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Last Updated: Monday, 28 January 2008, 06:13 GMT
Government warns budget critics
Council tax bill
Ministers said council tax would rise if the budget plans fell
The Scottish Government has warned MSPs that failing to pass the budget would put public services in jeopardy.

The 30bn spending plans narrowly passed their first parliamentary hurdle, with the support of the Tories and independent MSP Margo MacDonald.

Labour and the Lib Dems voted against the budget, while the Greens abstained.

Finance Secretary John Swinney said ministers were considering parliament demands to increase police recruitment and speed up business rate cuts.

The spending plans are currently going through the second stage of scrutiny, ahead of a final, crunch vote at Holyrood.

'Potentially disastrous'

Mr Swinney said the plans would deliver a council tax freeze, boost the voluntary sector and the economy and deliver "vital" infrastructure projects.

"Council tax increases would be inevitable if the budget did not pass," he said.

It was now incumbent on parliament, Mr Swinney argued, to recognise that it was essential to pass the Budget Bill.

"Failure to do so would be to put in jeopardy public services and the Scottish economy," he said.

He said the local government budget was set to grow from 10.6bn in 2007-08 to 11.1bn in 2008-09, an increase of 486m.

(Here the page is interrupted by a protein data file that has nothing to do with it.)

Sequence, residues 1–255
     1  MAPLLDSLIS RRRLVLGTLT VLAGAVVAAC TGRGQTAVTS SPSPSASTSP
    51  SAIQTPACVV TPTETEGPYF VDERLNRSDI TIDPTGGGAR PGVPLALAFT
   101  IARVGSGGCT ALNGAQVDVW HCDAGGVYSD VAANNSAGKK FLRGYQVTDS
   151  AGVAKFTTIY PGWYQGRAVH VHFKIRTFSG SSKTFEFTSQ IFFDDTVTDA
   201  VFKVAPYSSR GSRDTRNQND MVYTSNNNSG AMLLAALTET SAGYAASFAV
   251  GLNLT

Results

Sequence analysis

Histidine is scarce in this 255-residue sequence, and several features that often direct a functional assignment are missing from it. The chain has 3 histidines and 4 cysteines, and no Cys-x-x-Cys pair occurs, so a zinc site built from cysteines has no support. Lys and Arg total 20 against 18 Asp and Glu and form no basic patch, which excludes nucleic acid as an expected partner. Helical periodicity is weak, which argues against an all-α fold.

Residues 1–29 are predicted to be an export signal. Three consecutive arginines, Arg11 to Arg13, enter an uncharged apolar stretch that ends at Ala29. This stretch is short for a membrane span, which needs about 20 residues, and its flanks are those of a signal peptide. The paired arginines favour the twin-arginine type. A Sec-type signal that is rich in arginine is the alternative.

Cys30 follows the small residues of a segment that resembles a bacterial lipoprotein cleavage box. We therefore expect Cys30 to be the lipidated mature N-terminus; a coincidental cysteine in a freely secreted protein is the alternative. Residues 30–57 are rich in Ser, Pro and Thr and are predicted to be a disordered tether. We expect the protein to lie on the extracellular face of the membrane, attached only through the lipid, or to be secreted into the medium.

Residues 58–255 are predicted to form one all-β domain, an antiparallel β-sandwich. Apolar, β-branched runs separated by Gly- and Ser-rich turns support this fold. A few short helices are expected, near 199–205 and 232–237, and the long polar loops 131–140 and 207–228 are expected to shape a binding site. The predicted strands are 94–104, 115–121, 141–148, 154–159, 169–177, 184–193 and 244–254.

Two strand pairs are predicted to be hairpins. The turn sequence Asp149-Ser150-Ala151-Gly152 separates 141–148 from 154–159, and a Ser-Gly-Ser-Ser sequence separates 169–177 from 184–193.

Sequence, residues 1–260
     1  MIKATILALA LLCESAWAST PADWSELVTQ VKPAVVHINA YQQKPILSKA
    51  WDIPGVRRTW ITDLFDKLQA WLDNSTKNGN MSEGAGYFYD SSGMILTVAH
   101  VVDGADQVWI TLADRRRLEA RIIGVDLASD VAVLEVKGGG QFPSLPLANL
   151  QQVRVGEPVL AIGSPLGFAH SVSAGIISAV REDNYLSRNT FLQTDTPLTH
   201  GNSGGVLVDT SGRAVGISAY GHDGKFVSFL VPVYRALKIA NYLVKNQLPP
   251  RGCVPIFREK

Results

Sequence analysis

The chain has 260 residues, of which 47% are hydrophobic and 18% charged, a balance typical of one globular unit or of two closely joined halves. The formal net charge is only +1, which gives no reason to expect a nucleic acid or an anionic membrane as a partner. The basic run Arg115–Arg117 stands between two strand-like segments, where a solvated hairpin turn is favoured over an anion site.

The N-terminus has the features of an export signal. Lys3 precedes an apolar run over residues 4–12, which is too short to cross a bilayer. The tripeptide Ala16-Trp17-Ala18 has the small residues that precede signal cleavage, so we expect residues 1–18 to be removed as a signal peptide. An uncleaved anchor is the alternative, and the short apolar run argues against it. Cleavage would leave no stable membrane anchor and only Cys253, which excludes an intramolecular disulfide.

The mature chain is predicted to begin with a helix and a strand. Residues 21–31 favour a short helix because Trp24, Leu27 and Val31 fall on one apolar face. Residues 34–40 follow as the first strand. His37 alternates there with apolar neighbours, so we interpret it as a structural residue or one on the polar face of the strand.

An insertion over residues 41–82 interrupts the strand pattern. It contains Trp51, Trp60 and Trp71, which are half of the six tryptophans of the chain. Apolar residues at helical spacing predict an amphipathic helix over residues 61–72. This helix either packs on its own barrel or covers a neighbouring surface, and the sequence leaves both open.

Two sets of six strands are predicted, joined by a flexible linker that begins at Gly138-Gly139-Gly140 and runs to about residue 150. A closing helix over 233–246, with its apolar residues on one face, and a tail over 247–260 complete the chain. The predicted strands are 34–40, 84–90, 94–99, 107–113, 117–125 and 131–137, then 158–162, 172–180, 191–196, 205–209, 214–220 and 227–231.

Labour claimed ministers had put the tax freeze and business rate cuts for small firms ahead of everything else, while the Liberal Democrats said the budget plans had "potentially disastrous" implications for the economy.

'No bartering'

Iain Gray, Labour's finance spokesman, said: "The ball is in the SNP's court with their budget.

"They could accept the reasonable proposals about greater security for the vulnerable and better skills training for Scotland's young people and perhaps attract some cross-party support.

"Alternatively they can continue to exclusively deal with the Tories."

He said the budget process should be about investing in Scotland's future, not about "bartering deals" to get it through the parliament.

The Conservatives warned that their support at the first hurdle did not guarantee backing for the final bill.


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